At 4:22 PM, Blogger TransatlanticGirl said...

"I'm still not hearing an answer to the question I posed. Interesting."

The silence is deafening, isn't it?

Thanks, Bad Methodist. Keep doing what you're doing. Your words and actions on this issue touch more people than you know.

 
At 11:09 PM, Anonymous Larry B said...

Let me attempt an answer to your question - I would like to hear one argument based on solid evidence that these relationships inflict on the rights of others.

It is my right granted to me under the constitution that I be allowed to freely practice my religion. My religious views lead me to believe that supporting a gay relationship is sinful. (read on there is more to the argument)

Now I am told that I am required to pay taxes to a government entity who will distribute a portion of my taxes to support a gay relationship when they provide domestic partner benefits. I have no choice in this matter, in fact I can be punished with fines and even jail time for not paying the taxes. Clearly my religious rights and technically my property rights are being infringed upon in this instance.

As strongly as you may argue that ones rights end where anothers begins you would have to accept my argument above that my rights have been infringed upon here.

However in addition to that, there has to be some guiding principles that define what establishes a right in the first place. Don't forget that Madison also postulated to the convention that voting rights would be most secure in the hands of landowners to prevent the future possibility where he envisioned that a majority didn't own anything and that majority would rise up and expel the public property rights of the land owners using their majority.

He is able to draw a distinction here of what does and doesn't comprise a right separate from any majority/minority opinion. Simply stating that marriage is confined to men and women only and that a government benefit should only be conferred upon that relationship isn't a prima fascia violation of his principles. In fact it could be argued that this parallels his ideas about only having landowners vote.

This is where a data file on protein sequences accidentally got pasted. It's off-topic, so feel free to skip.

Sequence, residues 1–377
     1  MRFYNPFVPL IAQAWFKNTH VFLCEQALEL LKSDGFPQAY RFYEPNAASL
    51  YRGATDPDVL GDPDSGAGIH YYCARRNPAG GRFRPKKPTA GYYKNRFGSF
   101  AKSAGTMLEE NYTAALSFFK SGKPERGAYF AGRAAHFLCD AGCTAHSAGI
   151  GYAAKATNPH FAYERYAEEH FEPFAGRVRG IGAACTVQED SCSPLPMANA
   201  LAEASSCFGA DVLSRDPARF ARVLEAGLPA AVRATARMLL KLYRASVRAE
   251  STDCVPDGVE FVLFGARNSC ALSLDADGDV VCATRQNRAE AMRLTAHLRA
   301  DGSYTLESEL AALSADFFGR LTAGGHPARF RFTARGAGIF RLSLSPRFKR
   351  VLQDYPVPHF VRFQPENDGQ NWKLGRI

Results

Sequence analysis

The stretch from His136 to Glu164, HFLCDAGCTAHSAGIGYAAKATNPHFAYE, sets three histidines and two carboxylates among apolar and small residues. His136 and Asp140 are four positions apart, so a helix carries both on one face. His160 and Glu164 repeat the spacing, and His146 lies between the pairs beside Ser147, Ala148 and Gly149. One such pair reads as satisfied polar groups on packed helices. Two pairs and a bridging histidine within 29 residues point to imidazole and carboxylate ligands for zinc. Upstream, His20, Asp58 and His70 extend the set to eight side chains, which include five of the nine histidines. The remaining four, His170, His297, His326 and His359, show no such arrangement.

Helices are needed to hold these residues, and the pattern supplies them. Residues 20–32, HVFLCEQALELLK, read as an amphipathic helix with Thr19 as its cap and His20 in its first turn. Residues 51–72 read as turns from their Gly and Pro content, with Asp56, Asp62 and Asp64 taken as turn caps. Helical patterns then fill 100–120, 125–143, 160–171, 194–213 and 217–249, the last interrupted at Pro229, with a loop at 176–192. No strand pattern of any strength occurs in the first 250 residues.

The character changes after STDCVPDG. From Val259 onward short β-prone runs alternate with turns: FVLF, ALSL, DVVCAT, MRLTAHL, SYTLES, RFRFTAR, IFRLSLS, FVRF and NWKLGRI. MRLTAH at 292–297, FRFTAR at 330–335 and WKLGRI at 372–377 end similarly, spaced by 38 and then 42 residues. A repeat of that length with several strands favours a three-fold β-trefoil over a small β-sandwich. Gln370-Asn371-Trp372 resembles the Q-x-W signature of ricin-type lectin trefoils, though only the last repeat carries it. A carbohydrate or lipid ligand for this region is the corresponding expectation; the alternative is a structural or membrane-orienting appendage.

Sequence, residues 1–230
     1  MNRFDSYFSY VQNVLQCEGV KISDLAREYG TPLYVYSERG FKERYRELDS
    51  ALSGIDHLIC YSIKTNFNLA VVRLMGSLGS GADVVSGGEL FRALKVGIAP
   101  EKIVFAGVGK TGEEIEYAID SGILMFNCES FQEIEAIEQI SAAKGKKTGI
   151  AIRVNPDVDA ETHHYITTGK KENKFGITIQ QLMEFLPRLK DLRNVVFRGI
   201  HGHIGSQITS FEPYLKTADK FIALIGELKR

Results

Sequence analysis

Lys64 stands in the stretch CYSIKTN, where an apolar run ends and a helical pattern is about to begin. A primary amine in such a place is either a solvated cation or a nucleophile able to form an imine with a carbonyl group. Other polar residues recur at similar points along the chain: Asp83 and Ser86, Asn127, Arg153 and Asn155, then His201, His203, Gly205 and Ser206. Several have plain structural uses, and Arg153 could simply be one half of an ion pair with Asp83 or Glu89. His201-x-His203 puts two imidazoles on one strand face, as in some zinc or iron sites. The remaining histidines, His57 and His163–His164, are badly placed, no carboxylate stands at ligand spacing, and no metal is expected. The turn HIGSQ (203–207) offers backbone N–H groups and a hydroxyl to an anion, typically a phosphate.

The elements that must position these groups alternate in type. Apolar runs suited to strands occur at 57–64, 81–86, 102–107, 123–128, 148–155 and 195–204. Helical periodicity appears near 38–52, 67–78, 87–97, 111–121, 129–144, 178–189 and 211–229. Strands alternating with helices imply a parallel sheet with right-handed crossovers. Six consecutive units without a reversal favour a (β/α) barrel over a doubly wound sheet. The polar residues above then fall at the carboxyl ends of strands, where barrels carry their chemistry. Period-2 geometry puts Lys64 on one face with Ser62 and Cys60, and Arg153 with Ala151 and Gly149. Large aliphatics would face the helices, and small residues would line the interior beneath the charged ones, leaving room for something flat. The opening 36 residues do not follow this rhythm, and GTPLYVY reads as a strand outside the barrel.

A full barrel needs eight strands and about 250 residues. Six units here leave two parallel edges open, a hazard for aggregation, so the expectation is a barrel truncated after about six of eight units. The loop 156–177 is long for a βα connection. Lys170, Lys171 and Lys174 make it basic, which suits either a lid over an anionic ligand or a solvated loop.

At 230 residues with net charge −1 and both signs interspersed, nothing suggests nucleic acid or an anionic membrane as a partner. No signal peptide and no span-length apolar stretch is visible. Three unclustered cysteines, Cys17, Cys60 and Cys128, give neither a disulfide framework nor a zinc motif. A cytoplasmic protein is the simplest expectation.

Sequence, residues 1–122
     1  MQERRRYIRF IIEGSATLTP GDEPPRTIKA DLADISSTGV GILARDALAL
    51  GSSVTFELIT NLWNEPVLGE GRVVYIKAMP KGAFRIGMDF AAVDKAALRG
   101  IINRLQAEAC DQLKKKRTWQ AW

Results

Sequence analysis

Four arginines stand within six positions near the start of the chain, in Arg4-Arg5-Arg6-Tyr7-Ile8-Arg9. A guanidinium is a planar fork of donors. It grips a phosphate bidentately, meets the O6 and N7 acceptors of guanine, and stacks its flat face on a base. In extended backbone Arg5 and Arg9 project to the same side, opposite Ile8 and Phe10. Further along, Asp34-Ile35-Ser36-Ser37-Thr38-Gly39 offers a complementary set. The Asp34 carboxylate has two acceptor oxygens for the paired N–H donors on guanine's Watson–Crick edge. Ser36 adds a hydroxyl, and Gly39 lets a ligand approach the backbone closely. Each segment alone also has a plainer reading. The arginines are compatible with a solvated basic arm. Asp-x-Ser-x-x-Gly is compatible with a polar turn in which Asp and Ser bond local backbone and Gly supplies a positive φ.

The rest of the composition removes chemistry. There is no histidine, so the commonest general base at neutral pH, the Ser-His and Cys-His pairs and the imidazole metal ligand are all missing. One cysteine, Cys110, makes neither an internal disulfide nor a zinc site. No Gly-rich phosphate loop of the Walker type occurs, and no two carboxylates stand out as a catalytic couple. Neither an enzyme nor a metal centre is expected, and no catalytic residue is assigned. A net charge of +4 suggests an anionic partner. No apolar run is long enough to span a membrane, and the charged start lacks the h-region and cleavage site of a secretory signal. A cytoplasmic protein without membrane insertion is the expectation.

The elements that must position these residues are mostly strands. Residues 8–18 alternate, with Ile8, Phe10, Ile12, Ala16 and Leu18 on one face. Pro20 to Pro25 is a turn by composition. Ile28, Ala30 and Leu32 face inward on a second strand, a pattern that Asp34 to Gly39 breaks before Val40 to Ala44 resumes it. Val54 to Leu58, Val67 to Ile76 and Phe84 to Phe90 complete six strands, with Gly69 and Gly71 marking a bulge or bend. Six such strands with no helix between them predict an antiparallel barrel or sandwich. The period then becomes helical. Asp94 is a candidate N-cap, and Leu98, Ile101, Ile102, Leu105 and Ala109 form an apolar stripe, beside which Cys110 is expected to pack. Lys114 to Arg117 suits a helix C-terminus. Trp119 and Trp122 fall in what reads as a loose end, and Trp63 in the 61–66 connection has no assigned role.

I would expect that you would recoil quite a bit at his voting rights restrictions, but if you are going to "go back to James Madison" then you ought to take in a broad view of his full approach when arguing that. Otherwise you should say I'm taking what james madison said in Federalist #10, but ignoring other things he said. Federalist #10 doesn't argue specifically against prop 107 if you consider his entire line of thought.

 
At 9:30 AM, Blogger Bad Methodist said...

It is my right granted to me under the constitution that I be allowed to freely practice my religion. My religious views lead me to believe that supporting a gay relationship is sinful.

I'll start here, even though there is more to your argument.

What about the United Church of Christ, which supports same-sex unions? They are being barred from freely practicing their religion by not being able to equally marry same-sex and opposite-sex couples in their churches. For one group the clergy may act as a representative of the state, but for another they may not. If we're going to argue freedom of religion, that means everyone's religions, and right now some religions are not able to fully express their faith in equality.

Should same-sex marriage some day become legal (which won't happen anytime soon, not in my state anyway), your church would still have the right to only marry couples which fulfill the church's requirements, while the UCC would be free to marry couples that fulfill its requirements. It seems to me freedom of religion is extended by allowing a broader definition of civil marriage, not lessened.

Now I am told that I am required to pay taxes to a government entity who will distribute a portion of my taxes to support a gay relationship when they provide domestic partner benefits. I have no choice in this matter, in fact I can be punished with fines and even jail time for not paying the taxes. Clearly my religious rights and technically my property rights are being infringed upon in this instance.